October 20, 2018
Grilled seabass on the wooden board
Ask the Experts

Are Fish Organs Safe to Eat?

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Q: Is it safe to consume the internal organs of fish?

A: It may be risky, so you shouldn’t make it a regular habit. Eating fish offal—as the internal organs are collectively referred to—is becoming trendy among some adventurous eaters, as part of the “tip-to-tail” movement, where no part of the fish is wasted. And it has long been customary in France, Norway, Asia, and other parts of the world to eat the livers and heads, among other parts of fish, either as a delicacy or simply a cheaper source of nourishment.

But PCBs, dioxins, and other chemical pollutants concentrate in the organs (as well as in the skin and fat), with larger fish accumulating more. Fish brains and eyes, for example, are the primary targets for mercury accumulation, some papers have noted. Toxins from cyanobacteria (blue-green algae) can also accumulate in the organs of fresh-water fish, while ciguatera toxin has been found in large, warm-ocean fish, such as grouper, red snapper, and sea bass, especially in the internal organs. Cooking does not eliminate these contaminants.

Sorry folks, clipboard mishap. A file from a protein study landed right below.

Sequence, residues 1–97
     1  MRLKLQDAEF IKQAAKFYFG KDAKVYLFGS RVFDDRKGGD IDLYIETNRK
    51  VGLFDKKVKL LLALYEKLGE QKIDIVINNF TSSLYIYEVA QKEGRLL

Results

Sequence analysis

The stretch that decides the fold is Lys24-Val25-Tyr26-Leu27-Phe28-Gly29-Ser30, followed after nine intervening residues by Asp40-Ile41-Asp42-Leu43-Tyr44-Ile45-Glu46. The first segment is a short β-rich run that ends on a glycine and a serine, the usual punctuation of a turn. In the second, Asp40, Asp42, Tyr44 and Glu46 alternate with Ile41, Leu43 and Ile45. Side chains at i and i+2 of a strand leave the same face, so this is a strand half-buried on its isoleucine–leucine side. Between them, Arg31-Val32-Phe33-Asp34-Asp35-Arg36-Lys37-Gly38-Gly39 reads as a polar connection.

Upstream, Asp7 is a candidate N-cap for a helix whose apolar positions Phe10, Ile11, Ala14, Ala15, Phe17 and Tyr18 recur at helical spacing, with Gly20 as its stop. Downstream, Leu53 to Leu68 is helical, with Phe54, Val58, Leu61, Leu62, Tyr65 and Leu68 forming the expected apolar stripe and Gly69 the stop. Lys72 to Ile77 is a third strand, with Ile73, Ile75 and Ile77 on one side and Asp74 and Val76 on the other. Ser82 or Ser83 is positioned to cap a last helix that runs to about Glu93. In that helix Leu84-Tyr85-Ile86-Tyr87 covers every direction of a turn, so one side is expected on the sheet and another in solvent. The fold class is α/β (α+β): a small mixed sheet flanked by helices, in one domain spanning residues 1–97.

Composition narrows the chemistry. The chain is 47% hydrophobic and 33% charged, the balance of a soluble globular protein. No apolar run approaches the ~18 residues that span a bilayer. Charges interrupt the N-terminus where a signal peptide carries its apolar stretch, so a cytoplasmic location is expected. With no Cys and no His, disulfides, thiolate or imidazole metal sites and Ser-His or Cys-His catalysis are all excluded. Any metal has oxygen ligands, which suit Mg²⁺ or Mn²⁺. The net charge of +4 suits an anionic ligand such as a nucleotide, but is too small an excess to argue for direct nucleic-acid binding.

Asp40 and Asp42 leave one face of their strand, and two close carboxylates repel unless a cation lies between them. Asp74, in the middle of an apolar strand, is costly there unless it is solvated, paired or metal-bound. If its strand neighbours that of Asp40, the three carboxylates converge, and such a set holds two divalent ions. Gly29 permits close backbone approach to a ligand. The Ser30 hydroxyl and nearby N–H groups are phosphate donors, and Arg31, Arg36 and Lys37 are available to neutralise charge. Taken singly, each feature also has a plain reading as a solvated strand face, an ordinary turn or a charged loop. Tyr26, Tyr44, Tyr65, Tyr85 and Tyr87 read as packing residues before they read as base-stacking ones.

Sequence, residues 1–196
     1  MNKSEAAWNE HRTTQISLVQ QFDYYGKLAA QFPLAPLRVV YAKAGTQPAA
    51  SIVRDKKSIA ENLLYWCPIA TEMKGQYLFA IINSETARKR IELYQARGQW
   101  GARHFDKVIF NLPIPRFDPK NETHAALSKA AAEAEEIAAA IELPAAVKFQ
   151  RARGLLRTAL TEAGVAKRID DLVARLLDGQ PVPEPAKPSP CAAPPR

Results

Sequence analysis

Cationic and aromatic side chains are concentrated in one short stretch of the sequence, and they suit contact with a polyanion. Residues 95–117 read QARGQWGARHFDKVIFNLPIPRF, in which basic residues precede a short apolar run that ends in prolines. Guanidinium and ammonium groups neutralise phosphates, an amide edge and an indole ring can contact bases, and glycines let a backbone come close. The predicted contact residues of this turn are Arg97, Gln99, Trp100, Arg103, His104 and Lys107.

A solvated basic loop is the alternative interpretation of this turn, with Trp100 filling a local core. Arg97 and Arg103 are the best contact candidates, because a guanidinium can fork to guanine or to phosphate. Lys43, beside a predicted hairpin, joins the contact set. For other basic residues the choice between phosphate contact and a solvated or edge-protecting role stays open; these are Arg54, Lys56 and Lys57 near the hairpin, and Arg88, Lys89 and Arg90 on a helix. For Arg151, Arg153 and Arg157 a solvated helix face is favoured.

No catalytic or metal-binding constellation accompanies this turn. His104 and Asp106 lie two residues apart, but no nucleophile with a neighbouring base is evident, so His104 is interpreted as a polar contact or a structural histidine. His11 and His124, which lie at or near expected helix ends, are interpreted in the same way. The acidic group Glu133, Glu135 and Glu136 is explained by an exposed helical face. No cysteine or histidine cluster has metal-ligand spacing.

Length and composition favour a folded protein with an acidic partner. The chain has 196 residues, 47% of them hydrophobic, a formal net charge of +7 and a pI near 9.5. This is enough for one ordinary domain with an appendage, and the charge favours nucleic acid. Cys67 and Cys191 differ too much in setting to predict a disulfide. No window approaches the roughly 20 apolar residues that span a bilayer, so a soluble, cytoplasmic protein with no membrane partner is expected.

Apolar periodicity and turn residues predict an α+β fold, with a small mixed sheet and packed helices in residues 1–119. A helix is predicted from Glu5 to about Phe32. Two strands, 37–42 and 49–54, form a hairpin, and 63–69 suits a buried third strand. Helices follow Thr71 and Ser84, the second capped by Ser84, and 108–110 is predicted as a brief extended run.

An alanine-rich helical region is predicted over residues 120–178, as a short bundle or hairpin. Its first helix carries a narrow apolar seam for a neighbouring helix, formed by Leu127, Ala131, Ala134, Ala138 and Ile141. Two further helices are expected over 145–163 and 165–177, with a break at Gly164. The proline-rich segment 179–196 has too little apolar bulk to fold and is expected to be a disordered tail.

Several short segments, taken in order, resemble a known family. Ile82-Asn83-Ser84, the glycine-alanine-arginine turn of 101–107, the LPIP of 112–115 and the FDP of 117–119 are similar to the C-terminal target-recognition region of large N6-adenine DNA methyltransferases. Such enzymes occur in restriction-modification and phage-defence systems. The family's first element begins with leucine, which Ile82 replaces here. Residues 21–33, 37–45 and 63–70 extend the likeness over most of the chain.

The FDA, EPA, and many other health authorities thus advise removing the guts, kidneys, liver, and head (and trimming away the fat and skin) before you cook your fish. Pregnant women, in particular, should avoid these parts. An exception: Because they tend to have low levels of contaminants, tiny fish like whole sardines and anchovies are generally safe for everyone to eat in their entirety—but always heed local advisories about contamination.

What about that soft green “stuff” in lobsters? Called tomalley (or tamali), it functions as the liver and pancreas and so can also be a potential source of toxins. A few years ago, the FDA issued an advisory against eating the tomalley from Maine lobsters because it was found to have high levels of a toxin that causes potentially fatal paralytic shellfish poisoning. Health Canada (similar to our FDA) recommends that children not eat tomalley and that adults restrict their consumption. Similarly, experts often advise discarding the tomalley in cooked crab, often called mustard because of its yellowish-brown color.